11th July – Andrea’s Letter: Trinity Six

11th July 2021

Dear All
I hope you are all well.
Below is the link to today’s service.
We had a lovely service this morning with Clare and Liz taking the singing roles which was excellent.
Last week we received the news that Gail and Mark are moving to Bridge of Allan.  This is very sad news for us as we will miss them very much. However, we do wish them very well in their new home and we thank them both enormously for all they brought to ministry at St Andrew’s. Spiritually, musically and for the love and generosity they have given and shown to us all – we thank you.
Go well, Gail and Mark, and may God bless you both!


6th Sunday after Trinity 2021 St Andrew’s Milngavie
Mark 6: 14-29
Ephesians 1: 3-14
Amos 7:7-15
When I was a rural priest, I was often compared to the vicar of Dibley, I didn’t mind, I actually in a way I took it as a compliment. I thought the programme was a fantastic piece of comedy cleverly put together with a ridiculous cast of characters. Always humorous but never actually offending, I think it supported the church well. Not only did it bring a very humorous side to ministry, it also did a lot to promote women’s ordination which was in its infancy at the time the programme was first released.

The central figure of the show was Dawn French the vicar herself who despite the silliness of her role was always portrayed as a kind, caring, loving and essentially Christian person who kept this community of villagers together in the most charming way.
After the final episode Richard Curtis, the producer, did a review of the whole programme, he said that unlike previous comedies, for example Fawlty Towers where John Clease goes out of his way to be rude and difficult to as many people as possible, albeit very amusing, Dawn French gets herself in such a pickle and such a state because she actually tries to please and be nice to everyone. Richard Curtis felt this was a far more accurate reflection on real life as most of us get ourselves into trouble or awkward situations because we are trying to please everyone rather than because we want to deliberately upset people.

The gospel we heard this morning is an example of this. It centres around the story of Herod, who we remember for being mean and powerful in the nativity story. But here he is caught up in a family situation of jealousy envy and revenge.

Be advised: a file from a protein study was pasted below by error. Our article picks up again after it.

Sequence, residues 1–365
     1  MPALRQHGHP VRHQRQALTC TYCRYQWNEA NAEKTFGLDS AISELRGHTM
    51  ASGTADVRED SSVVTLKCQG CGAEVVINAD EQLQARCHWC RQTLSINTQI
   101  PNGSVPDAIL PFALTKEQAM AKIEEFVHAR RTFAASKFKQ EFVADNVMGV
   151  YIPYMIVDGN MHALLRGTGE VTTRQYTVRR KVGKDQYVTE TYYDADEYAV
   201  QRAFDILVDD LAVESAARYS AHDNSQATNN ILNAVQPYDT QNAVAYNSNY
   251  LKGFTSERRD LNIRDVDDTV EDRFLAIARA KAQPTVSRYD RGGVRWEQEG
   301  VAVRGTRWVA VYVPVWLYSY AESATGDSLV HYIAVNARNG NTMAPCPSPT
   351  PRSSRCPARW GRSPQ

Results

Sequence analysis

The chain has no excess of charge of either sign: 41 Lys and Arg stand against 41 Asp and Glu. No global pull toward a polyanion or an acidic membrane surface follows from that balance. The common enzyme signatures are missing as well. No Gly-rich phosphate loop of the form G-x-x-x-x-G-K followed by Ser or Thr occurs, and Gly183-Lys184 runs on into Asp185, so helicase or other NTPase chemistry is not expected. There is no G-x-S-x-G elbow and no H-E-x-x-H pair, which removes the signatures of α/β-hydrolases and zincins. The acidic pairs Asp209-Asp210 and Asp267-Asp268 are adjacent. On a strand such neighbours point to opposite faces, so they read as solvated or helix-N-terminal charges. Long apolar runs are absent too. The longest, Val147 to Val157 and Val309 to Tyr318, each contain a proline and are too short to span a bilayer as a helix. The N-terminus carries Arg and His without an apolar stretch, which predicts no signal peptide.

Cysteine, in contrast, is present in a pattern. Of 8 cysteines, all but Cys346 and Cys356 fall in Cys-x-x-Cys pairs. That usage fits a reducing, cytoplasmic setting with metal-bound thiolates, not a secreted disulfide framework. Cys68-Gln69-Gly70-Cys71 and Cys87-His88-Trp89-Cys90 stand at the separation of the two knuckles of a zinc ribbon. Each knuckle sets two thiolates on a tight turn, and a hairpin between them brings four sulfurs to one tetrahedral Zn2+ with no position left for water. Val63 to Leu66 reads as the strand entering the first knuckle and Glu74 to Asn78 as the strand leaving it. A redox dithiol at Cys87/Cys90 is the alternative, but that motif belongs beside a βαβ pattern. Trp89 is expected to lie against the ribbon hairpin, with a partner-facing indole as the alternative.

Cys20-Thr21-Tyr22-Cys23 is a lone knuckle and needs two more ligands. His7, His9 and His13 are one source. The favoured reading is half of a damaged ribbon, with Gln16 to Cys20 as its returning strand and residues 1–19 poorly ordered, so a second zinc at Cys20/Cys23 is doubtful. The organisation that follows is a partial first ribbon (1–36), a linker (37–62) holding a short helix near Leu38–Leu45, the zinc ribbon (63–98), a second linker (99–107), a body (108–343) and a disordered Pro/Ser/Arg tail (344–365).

Herod had married his brother’s wife Herodias, a matter over which John had chastised him for. Herodias, therefore had a grudge against John and was looking for an opportunity for revenge. And this came at a family party. At this party Herod was charmed by his daughter, in a weak moment, probably fuelled by wine and a sense of good cheer, he offers her anything she wants. So, she goes to ask her mother to seek her advice.  She maliciously seizes the moment and tells her to ask for the head of John the Baptist much to Herod’s dismay.
“The King was deeply grieved.
Yet out of regard for his oaths and for the guests
he did not want to refuse her.”    Mark 6:26
Against his better judgement he came under pressure from those around him to take the decision he did – to grant his daughter’s request.  He ended up pleasing others when he knew deep down inside he should be making a different decision.

In many ways this is an extraordinary story and its actually intriguing why this mini soap story appears in Mark’s gospel at all. Generations of Biblical scholars have questioned it. It’s odd because the account of Jesus ministry in Galilee  is really getting under way at this point in the gospel, and then suddenly we are interrupted by this account of John the Baptist. It doesn’t happen in the other gospels, and Mark’s gospel is known for its brevity and for getting on with the main story. So, we may ask what is the significance of this here?

Well, there are clearly connections with Jesus’ own trial before Pilot where Pilot too falls under the pressure of the crowds and agrees to hand Jesus over to be crucified again, with a feeling of unease and uncertainty.

More significantly the John the Baptist story prepares us for the ultimate rejection of Jesus, a forerunner warning of what is to come.
Ultimately it identifies where hope is to be found. Jesus’ suffering on the cross invites us to share his story with our own suffering. But equally we are invited to share the hope that the resurrection brings us.

And this story does end on a note of hope. It doesn’t finish simply at the exhibition of John the Baptist’s head on a platter at the party, but with his disciples taking his body and laying it in a tomb. John being handled by those who love him, preparing him for eternal rest.

On the face of it this is a story of family tensions, wilful daughters and peer pressure. But at a deeper level Mark is pointing us to something more – to Jesus’ unfair trial, and from Jesus’ unfair trial to the cross.
From the cross to the resurrection. To glory and to hope!

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